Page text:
On the Mark: Cromwell community makeover underway
June 3, 2022
If you’re driving east or west on Minnesota State Highway 210 between Carlton and McGregor over the next few weeks, you’ll be slowed down going through the city of Cromwell. A major makeover of the highway and storm sewer system is in progress, the first of several upgrades that include a better city park with a river walk, improved highway and park lighting, and better sidewalks.
Mayor Sharon Zelazny and her city council have worked hard on these projects over the past few years. While the Minnesota Department of Transportation is funding the majority of the Minnesota Highway 210 project since it is a state highway, the city of Cromwell approached the Department of Agriculture to help cost-share. Cromwell’s cost for the project is $426,215, which includes work on the water main, sanitary sewer and associated construction, and lighting and landscaping construction. Income from the city’s municipal liquor store also was used.
The city’s portion of the sewer makeover had to be paid ahead of time, demonstrating its commitment to the project prior to letting the bids. After the storm sewers are installed, the city will be blossoming with traffic-calming improvements, including boulevards with trees and new sidewalks, including alongside the Cromwell-Wright school.
“Our sidewalks have deteriorated; they are cracked and uneven. We’ll have new lighting and traffic-calming features to encourage our residents and visitors to walk,” Zelazny said.
She complimented MnDOT. “They work hard to communicate with us, and the current construction company has been very good.”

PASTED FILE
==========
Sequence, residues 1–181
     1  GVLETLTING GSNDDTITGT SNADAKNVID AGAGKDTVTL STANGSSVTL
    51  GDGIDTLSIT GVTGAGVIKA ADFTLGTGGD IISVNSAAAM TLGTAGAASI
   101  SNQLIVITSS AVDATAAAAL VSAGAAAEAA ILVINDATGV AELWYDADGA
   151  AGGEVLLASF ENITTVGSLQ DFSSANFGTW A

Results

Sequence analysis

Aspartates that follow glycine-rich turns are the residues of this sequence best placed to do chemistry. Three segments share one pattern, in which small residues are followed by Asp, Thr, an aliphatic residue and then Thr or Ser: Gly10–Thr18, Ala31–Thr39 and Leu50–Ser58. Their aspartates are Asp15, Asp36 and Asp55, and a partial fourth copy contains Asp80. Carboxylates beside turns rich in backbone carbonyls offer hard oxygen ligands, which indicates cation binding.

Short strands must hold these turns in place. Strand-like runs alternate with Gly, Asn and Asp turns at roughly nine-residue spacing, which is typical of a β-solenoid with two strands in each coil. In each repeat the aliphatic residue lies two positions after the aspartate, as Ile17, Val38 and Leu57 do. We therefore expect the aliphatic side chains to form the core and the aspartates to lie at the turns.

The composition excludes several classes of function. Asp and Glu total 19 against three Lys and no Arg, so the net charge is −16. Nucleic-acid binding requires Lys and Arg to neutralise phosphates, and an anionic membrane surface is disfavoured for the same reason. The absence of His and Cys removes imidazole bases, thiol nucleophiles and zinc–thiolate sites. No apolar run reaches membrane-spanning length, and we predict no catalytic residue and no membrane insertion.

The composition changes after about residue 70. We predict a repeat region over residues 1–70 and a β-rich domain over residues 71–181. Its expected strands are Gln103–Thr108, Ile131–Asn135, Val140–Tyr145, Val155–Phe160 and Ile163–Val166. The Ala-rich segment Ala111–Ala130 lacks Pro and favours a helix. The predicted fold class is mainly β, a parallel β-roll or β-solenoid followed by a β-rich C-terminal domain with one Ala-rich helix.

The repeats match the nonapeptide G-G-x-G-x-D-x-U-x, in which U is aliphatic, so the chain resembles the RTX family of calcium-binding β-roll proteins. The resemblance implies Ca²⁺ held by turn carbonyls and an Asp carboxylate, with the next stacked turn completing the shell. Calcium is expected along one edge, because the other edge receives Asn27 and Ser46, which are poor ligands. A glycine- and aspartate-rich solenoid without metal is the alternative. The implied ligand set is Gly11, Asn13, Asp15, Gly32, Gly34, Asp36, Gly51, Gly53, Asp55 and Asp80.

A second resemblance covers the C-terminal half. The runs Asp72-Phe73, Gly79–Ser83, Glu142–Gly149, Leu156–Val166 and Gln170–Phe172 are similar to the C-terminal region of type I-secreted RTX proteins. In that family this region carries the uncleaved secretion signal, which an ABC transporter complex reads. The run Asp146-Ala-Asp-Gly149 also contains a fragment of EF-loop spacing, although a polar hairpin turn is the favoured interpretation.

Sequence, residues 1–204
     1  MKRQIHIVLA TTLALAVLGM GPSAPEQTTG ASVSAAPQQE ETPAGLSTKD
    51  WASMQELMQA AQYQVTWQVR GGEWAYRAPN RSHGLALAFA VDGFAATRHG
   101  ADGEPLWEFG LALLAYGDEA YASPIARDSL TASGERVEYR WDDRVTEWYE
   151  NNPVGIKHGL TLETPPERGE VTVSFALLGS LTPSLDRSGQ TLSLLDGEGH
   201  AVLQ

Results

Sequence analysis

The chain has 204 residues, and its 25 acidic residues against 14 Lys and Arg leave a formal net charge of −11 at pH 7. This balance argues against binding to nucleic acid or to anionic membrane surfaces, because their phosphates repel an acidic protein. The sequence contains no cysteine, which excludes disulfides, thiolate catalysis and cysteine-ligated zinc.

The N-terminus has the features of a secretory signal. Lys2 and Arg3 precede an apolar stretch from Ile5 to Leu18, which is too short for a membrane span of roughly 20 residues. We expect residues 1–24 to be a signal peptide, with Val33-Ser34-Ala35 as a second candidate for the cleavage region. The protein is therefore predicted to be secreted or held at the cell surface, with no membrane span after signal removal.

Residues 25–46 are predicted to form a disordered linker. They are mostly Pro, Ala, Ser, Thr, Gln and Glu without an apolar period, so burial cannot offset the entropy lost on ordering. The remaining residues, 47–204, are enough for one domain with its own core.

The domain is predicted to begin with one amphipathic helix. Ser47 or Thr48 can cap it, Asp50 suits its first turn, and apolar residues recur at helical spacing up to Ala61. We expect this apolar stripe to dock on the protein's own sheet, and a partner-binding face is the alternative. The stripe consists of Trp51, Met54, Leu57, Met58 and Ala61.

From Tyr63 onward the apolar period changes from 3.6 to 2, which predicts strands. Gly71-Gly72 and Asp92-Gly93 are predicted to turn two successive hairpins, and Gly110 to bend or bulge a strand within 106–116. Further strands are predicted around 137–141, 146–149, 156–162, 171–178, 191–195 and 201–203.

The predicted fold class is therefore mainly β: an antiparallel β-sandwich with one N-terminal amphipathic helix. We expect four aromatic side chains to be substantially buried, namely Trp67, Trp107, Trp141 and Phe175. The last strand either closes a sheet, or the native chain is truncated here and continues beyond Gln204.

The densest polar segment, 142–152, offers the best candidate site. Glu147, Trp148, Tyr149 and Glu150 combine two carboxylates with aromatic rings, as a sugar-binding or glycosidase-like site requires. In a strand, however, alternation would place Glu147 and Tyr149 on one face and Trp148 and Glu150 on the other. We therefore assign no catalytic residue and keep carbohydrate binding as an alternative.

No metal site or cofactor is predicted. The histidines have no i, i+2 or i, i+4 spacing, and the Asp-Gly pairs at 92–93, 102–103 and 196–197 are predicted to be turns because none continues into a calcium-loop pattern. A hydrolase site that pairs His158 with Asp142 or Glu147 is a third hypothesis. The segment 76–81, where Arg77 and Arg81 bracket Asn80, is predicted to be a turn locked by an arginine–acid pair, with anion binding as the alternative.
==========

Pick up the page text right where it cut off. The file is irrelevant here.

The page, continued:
In addition to helping cover the city’s cost for the Highway 210 project, a USDA loan/grant will be used for additional upgrading utility work. The total USDA loan/grant is for $1.3 million, which the city will pay back $745,000 at a very low interest rate, amounting to about $26,000 in loan payments per year for 40 years. Zelazny said the city was able to take on this loan burden because over the last few years it has paid off three loans which amounted to approximately the same amount.
Improvements are also coming to the city’s Pavilion Park. A $110,000 grant was secured for improved drainage as well as a Department of Natural Resources grant for outdoor recreation improvements, including a riverwalk along the banks of the Tamarack River with educational signage, a new parking lot and shaded sitting areas close to the Kaleb Anderson memorial playground, and seasonal toilets. They plan to move the volleyball courts closer together and develop rain gardens. The DNR grant is a $177,560 award for outdoor recreation. The total DNR grant project is $355,119, but it was a 50/50 match. So these two grants, plus the match, mean that the city will be putting almost a half a million dollars into improvements for our park.
The detours for the 210 project are in place.
The mayor credits local and regional organizations for pitching in. Staff at the Carlton Soil and Water Conservation District wrote grants for the drainage projects, and a 50/50 match from the DNR helped as well. Local organizations that serve and use city facilities have pitched in, including the Cromwell Area Community Club, the YOT (Young OldTimers), the Riverside Drifters Saddle Club and the Kaleb Anderson memorial playground.
The city of Cromwell’s footprint is small, with an annual budget of around $130,000. “It would never have been possible if the city had to do it itself,” the mayor said.
“It’s a long overdue project, and quite inconvenient at this stage. We’re asking for patience — and we believe people will be so pleased with the results.”
Columnist Ann Markusen is a Pine Knot board member. She lives in Red Clover Township north of Cromwell.